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Jewish war veterans scout locations for new museum


With the 2005 closure of the east-side Gobel-Lowden Veterans Center & Museum, and no action to revive it in sight, the Greenspun-Radin Jewish War Veterans Post 21 has taken it upon itself to see that a new museum is opened.

Post 21 member Sam Chinkes, 90, said he’s wanted to open a new one ever since the closure and is looking at possible locations.

“It’s a heck of a shame that we have two mob museums but none (to honor) all vets of all wars,” Chinkes said, “especially with Nevada having such a good (connection) to the military.”

At its December meeting, Post 21 created a special committee of five and tasked it with the ambitious goal of finding a new space and the funding to support it. The group does not have an exact figure in mind but said the project would probably cost at least $1 million.

The committee is looking for about 10,000 square feet to be donated, Chinkes said, adding that he planned to approach Strip properties for help. He said he would like Las Vegas Sands CEO Sheldon Adelson to support the museum.

“One of the ‘ins’ I have is that my wife is a Holocaust survivor, and he’s (Adelson) always treated us (Post 21) like kings, really. He could spare a couple million, which might earn enough interest to keep it running,” Chinkes said. “I’m going for the big money.”

The space could be anywhere, he said, perhaps in or near Summerlin — Chinkes said he also planned to approach the owners of Tivoli Village — or perhaps closer to the Strip so tourists would be more apt to visit.

He said the museum would house memorabilia from all military branches and all wars and military actions in which the United States was involved. Many of the items that were displayed in the former museum at 3333 Cambridge St. are available for this new venture, Chinkes said.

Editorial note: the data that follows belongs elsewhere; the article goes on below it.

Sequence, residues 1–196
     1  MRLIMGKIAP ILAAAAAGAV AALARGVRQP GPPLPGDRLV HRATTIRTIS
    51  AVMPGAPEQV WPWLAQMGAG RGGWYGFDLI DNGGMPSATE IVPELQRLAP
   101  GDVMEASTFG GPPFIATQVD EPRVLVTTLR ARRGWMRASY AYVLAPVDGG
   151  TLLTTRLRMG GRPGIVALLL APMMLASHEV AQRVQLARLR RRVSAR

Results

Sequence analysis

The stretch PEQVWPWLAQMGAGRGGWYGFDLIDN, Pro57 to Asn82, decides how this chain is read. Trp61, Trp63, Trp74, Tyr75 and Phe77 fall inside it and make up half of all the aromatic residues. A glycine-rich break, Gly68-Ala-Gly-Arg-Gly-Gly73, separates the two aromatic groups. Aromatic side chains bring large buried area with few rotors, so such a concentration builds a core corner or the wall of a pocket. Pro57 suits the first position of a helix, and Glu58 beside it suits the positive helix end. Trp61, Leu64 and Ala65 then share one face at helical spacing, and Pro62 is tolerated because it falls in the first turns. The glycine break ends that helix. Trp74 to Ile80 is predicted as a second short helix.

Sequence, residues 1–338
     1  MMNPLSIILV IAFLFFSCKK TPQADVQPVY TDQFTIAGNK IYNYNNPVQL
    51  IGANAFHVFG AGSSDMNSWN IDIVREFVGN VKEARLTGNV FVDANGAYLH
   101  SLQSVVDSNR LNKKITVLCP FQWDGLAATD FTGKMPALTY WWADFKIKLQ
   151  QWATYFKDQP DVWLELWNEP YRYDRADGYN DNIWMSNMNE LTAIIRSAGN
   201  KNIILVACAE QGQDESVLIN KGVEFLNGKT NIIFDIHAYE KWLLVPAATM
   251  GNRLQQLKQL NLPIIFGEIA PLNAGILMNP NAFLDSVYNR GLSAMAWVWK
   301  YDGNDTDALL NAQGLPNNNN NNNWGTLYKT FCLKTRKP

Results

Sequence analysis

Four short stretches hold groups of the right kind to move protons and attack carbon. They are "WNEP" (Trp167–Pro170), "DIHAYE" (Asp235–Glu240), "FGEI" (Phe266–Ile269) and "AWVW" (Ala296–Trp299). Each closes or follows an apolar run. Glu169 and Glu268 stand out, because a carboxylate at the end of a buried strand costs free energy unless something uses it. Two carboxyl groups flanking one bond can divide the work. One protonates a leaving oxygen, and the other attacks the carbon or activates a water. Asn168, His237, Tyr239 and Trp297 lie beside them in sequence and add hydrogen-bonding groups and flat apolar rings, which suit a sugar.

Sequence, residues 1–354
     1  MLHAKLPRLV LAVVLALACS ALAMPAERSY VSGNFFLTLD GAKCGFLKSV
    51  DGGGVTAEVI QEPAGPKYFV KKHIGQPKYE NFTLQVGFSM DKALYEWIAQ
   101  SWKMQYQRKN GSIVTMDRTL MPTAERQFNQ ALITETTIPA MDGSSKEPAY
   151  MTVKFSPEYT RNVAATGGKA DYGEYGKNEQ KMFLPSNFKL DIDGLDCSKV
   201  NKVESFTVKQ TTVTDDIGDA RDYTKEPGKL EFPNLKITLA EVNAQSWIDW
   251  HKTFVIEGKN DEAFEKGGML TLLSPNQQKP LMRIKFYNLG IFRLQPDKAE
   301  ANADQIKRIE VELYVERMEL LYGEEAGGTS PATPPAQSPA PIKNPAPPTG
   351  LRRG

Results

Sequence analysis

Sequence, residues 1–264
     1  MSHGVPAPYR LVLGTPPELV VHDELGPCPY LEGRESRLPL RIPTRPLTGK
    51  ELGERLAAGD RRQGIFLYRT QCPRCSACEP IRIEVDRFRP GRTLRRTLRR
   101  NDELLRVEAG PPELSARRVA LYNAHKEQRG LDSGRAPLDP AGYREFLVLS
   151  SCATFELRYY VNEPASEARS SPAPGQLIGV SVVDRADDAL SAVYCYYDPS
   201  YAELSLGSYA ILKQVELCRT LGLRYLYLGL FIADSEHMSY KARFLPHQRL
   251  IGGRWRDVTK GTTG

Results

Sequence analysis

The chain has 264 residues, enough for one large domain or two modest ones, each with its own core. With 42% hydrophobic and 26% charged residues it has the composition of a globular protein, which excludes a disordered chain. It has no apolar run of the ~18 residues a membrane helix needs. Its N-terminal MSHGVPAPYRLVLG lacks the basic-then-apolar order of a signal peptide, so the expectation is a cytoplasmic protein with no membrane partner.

He said it would be run by volunteers and could be operational within a year if all goes smoothly.

“Getting material is the easy part,” Chinkes said. “Space is our No. 1 priority.”

Post 21 made an initial donation of $500, the maximum that it is permitted to make by law, to start the fundraising.

Post commander Marshall Sitrin said Post 21 has about 70 members, with the average age about 78. They have served in various wars — World War II, the Korean War, Vietnam and Desert Storm.

The group plans to involve the Disabled American Veterans, Veterans of Foreign Wars and Catholic War Veterans in their effort, he said.

“I think there’s a lot of material around, a lot of veterans have stuff that they have (available),” Sitrin said. “We know there’s plenty of stuff out there; it’s just finding a place to put it.”

Why does Post 21 think its effort can form a viable museum that will thrive?

“We’ll give it a shot,” Sitrin said. “Truthfully, I think it’s something that’s needed … I don’t see why we can’t sustain it.”

He said one big benefactor would make a difference and that he’d like to see the location be off the Strip as most patrons would likely be locals.

“We’d like veterans to know that we are starting the project and we’re looking for contributions, so don’t throw this stuff away, don’t hide it. If we (receive it), we’ll preserve it for future generations,” he said.

Why is it important to have the museum?

“Because the new generation has to know what went before them, the lives that were sacrificed, the suffering they underwent … for the freedom they now enjoy,” Chinkes said.

Sitrin estimated that if everything goes well, the museum would be open within a year.

For more information, contact Chinkes at foamsculptor@cox.net.

Contact Summerlin/Summerlin South View reporter Jan Hogan at jhogan@viewnews.com or 702-387-2949.

 

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